Again, these NIL deals for college baseball players won’t make major headlines because they will likely be confined to local and regional areas. Car dealerships, restaurants, and convenience stores in cities like Fayetteville, Oxford, and Lubbock could be examples of the deals we’re talking about here.
NIL and the MLB Draft
In addition, beyond just the capacity for college baseball players to sign deals, there is another area where NIL could have a major impact on the sport. Currently, Division I college baseball programs are only permitted a maximum 11.7 scholarships divided up between a maximum of 27 players, with all players on athletic scholarship having to receive a minimum of a 25% scholarship. Compared to football and basketball, where nearly every player that plays a significant role is on full scholarship, this is not the case in baseball.
However, with NIL now in play, the programs with passionate fan bases that are committed to winning can step up and separate themselves from the pack. With the 11.7 limit, It is extremely uncommon for a college baseball player to be on a full athletic scholarship. Now, even with the scholarship limit in place, NIL deals could offset the difference between full tuition and the scholarship amount.
So instead of merely offering a 50% scholarship to a top recruit, hoping that he chooses your program for reasons extending beyond the financial component, a coach could point to the tremendous NIL potential his school has to boost his recruiting pitch even more. Similar to how BYU Football walk-ons will receive full tuition in a recent NIL deal, supporters can leverage NIL to attract more elite prospects to their schools.
Whereas NIL could definitely be used to get recruits to campus, it could also be used to keep current players on campus. Unlike football and basketball student athletes, baseball players don’t have to declare for the draft and forgo their remaining eligibility upon announcing their desire to play professionally. In fact, if a player is selected by an MLB organization, they can negotiate a signing bonus up until a certain deadline before deciding to enter pro ball or return to school.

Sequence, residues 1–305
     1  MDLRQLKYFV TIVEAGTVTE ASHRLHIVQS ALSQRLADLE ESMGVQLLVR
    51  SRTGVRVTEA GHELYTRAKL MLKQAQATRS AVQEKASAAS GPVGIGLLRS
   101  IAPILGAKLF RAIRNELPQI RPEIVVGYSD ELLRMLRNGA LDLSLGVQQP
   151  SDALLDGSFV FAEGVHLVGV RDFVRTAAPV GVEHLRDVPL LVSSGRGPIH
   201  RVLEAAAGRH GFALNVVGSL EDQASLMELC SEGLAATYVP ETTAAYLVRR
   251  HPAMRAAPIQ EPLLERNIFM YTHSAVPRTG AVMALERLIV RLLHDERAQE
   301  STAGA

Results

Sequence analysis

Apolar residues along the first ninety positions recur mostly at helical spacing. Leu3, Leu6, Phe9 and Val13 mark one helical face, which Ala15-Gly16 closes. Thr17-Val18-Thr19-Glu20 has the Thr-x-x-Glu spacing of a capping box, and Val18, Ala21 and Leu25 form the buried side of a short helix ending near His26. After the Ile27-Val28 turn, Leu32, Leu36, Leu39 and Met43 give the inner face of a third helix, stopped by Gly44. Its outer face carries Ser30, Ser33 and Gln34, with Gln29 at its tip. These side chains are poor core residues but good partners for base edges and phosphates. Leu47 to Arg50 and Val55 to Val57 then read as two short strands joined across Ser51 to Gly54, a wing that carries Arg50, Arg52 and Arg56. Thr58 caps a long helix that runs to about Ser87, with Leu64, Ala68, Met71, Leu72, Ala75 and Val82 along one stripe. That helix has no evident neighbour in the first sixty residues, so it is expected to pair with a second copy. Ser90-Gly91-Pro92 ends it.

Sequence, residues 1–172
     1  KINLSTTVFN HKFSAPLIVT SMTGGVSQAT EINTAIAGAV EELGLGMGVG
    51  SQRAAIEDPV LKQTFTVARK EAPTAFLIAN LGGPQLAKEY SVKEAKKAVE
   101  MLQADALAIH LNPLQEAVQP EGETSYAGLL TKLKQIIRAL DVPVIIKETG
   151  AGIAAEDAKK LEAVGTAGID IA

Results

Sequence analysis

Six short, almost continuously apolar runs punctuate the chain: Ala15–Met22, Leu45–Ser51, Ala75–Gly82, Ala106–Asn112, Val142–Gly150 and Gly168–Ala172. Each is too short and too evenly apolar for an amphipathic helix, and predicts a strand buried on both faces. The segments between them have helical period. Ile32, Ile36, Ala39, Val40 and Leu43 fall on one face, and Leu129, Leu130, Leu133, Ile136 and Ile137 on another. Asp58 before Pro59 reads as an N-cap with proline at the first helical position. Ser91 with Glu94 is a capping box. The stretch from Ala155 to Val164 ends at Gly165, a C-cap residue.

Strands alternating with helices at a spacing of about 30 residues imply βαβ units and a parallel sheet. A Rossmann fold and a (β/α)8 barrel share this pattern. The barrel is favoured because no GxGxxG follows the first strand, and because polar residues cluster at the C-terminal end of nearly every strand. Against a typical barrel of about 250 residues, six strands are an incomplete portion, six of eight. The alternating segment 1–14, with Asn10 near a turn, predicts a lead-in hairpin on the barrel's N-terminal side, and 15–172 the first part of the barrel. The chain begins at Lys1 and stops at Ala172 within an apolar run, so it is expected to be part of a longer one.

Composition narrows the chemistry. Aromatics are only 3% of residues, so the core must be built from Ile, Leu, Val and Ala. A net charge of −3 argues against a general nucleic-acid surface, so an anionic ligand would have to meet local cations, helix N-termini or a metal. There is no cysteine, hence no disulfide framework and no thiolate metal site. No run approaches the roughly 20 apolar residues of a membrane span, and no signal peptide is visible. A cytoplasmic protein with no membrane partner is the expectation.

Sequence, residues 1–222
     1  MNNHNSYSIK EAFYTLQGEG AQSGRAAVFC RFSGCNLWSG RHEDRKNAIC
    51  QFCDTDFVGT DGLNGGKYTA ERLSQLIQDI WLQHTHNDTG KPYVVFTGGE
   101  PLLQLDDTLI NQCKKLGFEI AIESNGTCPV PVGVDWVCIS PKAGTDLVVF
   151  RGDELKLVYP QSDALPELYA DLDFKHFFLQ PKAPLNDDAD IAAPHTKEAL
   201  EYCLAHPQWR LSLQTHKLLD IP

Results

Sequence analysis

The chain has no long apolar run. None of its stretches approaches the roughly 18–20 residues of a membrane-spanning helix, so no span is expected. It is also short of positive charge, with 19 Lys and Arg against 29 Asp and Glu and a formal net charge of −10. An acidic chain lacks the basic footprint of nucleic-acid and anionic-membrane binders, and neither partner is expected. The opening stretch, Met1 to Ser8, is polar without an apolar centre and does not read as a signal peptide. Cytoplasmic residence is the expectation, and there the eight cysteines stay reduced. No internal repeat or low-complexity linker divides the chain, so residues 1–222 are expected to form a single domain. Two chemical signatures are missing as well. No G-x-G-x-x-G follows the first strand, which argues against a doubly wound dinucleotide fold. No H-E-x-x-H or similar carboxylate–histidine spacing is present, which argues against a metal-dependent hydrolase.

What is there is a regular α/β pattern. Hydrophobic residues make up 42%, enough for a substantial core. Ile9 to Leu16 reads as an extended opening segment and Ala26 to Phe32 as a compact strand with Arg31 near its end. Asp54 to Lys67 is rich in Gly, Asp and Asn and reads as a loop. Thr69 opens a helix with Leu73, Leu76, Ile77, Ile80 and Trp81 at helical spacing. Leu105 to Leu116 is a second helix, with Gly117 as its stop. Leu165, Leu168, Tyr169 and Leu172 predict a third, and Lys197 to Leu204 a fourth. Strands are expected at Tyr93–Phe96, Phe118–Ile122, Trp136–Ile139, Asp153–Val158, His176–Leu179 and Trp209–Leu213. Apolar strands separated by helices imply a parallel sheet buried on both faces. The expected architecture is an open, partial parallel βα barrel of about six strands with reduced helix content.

While seniors and players selected in the early rounds almost always sign on with an MLB club, juniors and draft eligible sophomores drafted in the later rounds usually wait for a certain dollar figure before they decide to move on from college ball. With NIL in place, a player could potentially secure an NIL deal that surpasses what their signing bonus would be from the draft.
Jud Fabian, a case study?
Jud Fabian, an outfielder for the University of Florida Gators baseball team, could be the first case study of this concept. Going into the 2021 Spring season, Fabian was widely regarded as one of the top college prospects for the draft that Summer. However, Fabian struggled with consistency over the course of the season and fell to the second round to the Boston Red Sox. Instead of jumping at the Red Sox offer, Fabian set his price high and decided to return to Gainesville when Boston’s offer didn’t meet it.
Ever since, Fabian has promoted a local tractor company on his social media profiles and recently put on a “Team Fabian Baseball Camp” with his brother, who also happens to be his teammate on the Gators roster.
While no details as to how much money Fabian has made from these endeavors, part of his decision making process on whether to sign with the Red Sox or not could’ve been the potential to make some form of income while improving his draft stock to first round status this upcoming Spring. Could more players take this route moving forward?
NIL’s impact on college baseball should become clearer this spring
There will be a limited number of programs that have the booster and fan support to pony up and commit significant NIL resources to baseball, but with the facility upgrades, increased attendance, and arms race we are seeing right now, I believe this is a possibility moving forward.
As previously mentioned, college baseball won’t be impacted by NIL to the same extent as football and basketball. However, this season will likely provide insight into how some of the best programs can use it to elevate their programs ahead of the middle of the pack. When March Madness concludes and baseball season rolls into full gear, it will be interesting to see how the NIL marketplace views college baseball.